Nuclear Weapons Found . . . In Georgia?
Government experts are investigating a claim that an unarmed nuclear bomb, lost off the Georgia coast at the height of the Cold War, might have been found, an Air Force spokesman said Monday.
The hydrogen bomb was lost in the Atlantic Ocean in 1958 following a collision of a B-47 bomber and an F-86 fighter. A group led by retired Air Force Lt. Col. Derek Duke of Statesboro, Georgia, said in July that it had found a large object underwater near Savannah that was emitting high levels of radioactivity, according to an Associated Press report. The group said it used radiation and metal detection equipment to search an area in Wassaw Sound off Tybee Island where the bomb reportedly was dropped, the AP reported.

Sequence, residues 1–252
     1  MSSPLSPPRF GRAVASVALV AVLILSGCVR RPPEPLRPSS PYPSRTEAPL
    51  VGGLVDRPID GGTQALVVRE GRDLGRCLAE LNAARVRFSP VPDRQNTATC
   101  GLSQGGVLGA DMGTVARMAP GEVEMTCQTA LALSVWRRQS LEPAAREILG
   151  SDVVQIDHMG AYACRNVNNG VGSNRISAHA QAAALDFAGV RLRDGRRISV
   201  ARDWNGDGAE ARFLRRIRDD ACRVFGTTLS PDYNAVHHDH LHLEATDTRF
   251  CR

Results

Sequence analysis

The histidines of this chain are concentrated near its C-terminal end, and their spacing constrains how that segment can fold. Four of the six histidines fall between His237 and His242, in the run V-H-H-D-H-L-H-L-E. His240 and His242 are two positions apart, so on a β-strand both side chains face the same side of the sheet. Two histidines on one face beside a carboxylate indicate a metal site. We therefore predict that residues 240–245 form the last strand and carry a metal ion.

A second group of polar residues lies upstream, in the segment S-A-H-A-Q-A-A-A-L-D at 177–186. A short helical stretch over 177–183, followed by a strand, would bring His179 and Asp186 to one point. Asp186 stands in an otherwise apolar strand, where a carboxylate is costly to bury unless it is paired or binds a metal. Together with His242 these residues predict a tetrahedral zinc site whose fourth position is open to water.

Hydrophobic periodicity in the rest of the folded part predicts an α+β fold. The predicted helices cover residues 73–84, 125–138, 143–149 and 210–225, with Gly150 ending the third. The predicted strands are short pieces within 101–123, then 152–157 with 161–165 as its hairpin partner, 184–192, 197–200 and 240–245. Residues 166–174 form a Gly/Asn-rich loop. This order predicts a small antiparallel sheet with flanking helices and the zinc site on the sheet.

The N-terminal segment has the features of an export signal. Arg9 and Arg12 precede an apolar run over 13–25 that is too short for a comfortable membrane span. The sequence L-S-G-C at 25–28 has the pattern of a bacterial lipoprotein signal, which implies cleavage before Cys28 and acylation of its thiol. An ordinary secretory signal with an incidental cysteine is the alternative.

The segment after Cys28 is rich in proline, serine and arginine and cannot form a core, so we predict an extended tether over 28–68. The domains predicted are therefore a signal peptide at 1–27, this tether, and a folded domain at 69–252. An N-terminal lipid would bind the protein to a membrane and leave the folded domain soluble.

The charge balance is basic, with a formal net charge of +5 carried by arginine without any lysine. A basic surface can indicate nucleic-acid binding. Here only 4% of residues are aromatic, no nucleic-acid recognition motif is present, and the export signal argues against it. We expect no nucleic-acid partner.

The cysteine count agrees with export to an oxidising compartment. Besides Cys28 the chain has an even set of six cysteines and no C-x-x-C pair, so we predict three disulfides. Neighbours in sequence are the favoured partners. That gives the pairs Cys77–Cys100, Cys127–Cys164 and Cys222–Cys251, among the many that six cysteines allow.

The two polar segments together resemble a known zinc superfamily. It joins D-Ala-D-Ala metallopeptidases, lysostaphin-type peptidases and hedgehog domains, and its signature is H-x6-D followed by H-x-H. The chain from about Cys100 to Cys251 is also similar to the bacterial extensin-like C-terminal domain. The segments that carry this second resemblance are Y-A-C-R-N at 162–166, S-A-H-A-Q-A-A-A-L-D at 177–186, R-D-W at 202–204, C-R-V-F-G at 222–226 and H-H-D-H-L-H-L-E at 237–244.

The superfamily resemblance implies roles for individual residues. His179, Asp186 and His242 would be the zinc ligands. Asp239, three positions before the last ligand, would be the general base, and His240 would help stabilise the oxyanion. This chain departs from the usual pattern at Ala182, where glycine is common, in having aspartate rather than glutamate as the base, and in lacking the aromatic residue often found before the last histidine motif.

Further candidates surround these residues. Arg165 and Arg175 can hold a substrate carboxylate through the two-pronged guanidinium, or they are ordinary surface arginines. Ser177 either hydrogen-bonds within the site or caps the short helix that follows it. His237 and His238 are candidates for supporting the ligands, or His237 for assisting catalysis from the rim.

Air Force spokesman Lt. Col. Frank Smolinsky said Monday that it’s “only prudent to completely evaluate the evidence” from the group’s search. Smolinsky said experts from the Air Force, the Department of Defense and the Department of Energy were examining the information and may decide soon to conduct their own tests with more sophisticated equipment on the scene. Smolinsky said if the bomb were found, a decision would have to be made about whether to try to recover it or leave it where it is.
If it’s taken us 46 years to find one of our own nukes, no wonder it’s taking so long to find WMD in Iraq.
(Hat tip: Jeff Quinton)